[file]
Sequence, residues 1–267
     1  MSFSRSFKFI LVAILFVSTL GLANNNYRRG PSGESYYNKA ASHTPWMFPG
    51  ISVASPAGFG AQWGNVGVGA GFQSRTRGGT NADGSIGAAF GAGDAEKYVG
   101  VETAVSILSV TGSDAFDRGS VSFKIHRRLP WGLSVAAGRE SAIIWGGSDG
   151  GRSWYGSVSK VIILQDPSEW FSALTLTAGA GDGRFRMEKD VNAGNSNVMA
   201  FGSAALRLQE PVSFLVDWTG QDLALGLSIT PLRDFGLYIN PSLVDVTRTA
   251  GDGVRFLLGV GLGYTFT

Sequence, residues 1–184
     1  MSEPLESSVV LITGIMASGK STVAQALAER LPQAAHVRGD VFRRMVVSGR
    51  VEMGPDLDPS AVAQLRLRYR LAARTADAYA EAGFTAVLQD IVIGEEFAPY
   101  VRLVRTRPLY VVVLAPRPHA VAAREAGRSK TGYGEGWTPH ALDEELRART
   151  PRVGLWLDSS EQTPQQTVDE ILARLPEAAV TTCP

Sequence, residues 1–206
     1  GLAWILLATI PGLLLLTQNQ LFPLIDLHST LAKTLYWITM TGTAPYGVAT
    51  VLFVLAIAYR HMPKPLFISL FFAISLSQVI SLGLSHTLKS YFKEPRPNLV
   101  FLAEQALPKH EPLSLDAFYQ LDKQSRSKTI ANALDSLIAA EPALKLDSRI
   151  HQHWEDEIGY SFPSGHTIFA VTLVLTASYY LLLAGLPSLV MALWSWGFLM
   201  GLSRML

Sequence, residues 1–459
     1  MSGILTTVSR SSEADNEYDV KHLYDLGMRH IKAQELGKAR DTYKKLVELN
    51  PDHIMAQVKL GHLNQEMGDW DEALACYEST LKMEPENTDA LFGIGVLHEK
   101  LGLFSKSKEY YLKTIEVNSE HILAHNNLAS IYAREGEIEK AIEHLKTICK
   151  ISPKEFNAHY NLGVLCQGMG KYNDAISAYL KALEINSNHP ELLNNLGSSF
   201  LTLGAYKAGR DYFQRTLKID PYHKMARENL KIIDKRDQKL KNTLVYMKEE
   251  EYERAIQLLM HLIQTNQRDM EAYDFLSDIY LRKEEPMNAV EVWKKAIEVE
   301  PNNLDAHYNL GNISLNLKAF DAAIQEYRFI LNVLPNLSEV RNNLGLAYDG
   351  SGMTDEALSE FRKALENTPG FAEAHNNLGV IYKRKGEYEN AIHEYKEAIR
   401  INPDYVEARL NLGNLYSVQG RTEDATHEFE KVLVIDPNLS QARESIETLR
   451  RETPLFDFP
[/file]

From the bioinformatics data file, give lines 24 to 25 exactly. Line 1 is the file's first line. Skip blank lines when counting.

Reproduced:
   201  LTLGAYKAGR DYFQRTLKID PYHKMARENL KIIDKRDQKL KNTLVYMKEE
   251  EYERAIQLLM HLIQTNQRDM EAYDFLSDIY LRKEEPMNAV EVWKKAIEVE